Sarah Graves, Maine author of the clever "Home Repair Is Homicide" thriller series, launched a new series this month with WINTER AT THE DOOR. The great plus of introducing protagonist Lizzie Snow, a homicide investigator from Boston who's just taken a job in the Great North Woods of Maine, is Lizzie's knowledge of crime and investigation -- she's a professional, and used to taking care of herself. Within limits.
But Graves gives us a glimpse -- and only a glimpse -- of the wounds still bleeding for Lizzie. Something's gone terribly wrong in her family. It appears one of her relatives may have survived: a nine-year-old niece, Nicki. And the tip Lizzie Snow has, from her former (and faithless) boyfriend Dylan, says Nicki may be a hostage of some sort, living in the near-lawless wilderness of Aroostook County. That's why Lizzie's taken the anti-career move to the rural region. And it's already looking grim: Instead of a patrol slot, Sheriff Cody Chevrier has a grubby little office for her, and an assignment in community policing. Color Lizzie NOT impressed.
Still, Chevrier's move is a complex one. He's not just staffing an unexpected grant-funded position -- he's sneaking an experienced homicide cop into a situation where retired police officers around him are dying of assumed suicide, and he's convinced they've been murdered.
Lizzie does luck out in adopting, or really being adopted by, a local assistant willing to rehab her office practically overnight, bring in the communications gear she needs, and even walk her suddenly added canine companion for her. Of course, the Tattoo Kid -- nicknamed Spud, in this wide potato-farming region -- looks like a walking nightmare, with his piercings and more. But he's surprisingly competent, and for a while, Lizzie feels like she's got some good luck after all.
That is, until Dylan Hudson shows up, in the very manly flesh, to complicate almost everything. Turns out he's tracking criminal activity up here, too, and Lizzie can't deny there's still chemistry between them, even though she has every reason never to trust him in her personal life again.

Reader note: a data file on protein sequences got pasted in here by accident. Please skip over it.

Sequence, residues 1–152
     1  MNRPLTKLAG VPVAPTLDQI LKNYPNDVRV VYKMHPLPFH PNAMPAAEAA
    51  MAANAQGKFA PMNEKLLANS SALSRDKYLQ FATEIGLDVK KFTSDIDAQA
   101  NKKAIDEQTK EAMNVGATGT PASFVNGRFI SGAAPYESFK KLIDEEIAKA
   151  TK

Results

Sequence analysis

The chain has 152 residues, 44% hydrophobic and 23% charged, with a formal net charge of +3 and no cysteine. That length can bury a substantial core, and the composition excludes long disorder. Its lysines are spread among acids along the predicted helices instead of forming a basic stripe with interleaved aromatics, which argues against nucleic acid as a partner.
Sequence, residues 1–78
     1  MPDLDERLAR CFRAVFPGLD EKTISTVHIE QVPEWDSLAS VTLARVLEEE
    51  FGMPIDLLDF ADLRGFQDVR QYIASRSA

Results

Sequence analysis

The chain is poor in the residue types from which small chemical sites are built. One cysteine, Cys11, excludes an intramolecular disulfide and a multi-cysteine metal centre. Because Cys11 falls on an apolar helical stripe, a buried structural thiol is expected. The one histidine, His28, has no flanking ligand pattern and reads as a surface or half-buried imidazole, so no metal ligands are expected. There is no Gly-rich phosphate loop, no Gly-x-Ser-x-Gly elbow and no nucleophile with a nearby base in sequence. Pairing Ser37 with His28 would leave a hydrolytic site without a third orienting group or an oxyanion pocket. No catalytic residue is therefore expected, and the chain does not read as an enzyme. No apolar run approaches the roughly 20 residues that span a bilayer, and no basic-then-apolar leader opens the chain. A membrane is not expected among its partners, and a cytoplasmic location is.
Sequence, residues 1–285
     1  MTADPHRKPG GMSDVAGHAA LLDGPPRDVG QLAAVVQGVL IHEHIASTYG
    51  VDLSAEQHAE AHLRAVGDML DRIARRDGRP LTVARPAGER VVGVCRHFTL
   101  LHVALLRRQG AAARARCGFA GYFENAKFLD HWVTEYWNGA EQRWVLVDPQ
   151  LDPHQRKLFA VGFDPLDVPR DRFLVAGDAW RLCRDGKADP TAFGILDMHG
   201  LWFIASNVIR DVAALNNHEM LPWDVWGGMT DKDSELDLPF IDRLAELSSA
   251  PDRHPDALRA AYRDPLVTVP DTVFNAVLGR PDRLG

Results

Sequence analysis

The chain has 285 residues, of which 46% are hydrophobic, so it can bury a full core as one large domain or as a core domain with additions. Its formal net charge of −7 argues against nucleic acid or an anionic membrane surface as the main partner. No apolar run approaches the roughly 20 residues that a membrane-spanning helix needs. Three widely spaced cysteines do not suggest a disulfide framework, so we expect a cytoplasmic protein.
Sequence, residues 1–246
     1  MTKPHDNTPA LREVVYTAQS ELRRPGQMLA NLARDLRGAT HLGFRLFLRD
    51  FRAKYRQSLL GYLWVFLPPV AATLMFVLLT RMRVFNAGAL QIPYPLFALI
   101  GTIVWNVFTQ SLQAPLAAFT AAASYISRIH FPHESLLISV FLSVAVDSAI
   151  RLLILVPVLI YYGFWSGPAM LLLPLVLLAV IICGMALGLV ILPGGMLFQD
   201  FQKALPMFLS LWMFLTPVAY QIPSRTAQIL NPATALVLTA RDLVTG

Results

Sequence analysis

Back to the title: This suspenseful two-track criminal investigation opens at the end of October, which in the north country really is the season of "winter at the door." But couldn't that expression also apply to the cold evil of a malicious psychopath loose in the area? And could Lizzie's missing niece be part of the same possible crime wave that's killing the sheriff's old colleagues?
Graves alternates points of view between Lizzie and the criminals here, which in many mysteries would lead to some sympathy for the wrongdoers. But not this time. In fact, I hadn't realized this Maine author could write the dark side so deftly and effectively -- I shuddered at a number of points.
This one is a good winter read, tightly plotted and all too believable. And if I quibbled with a couple of issues -- the distraction of not one but two suitors for Lizzie, her lack of teamwork, and a finale that didn't quite follow through on the level of evil proposed earlier in the book -- I also found this a compelling start to an exciting series. Grab this first title, and clear room on the shelf for the next one: The Girls She Left Behind. Considering the plot threads left unresolved at the end of WINTER AT THE DOOR, I'm already shivering with foreboding. I'll be following Lizzie Snow, for sure.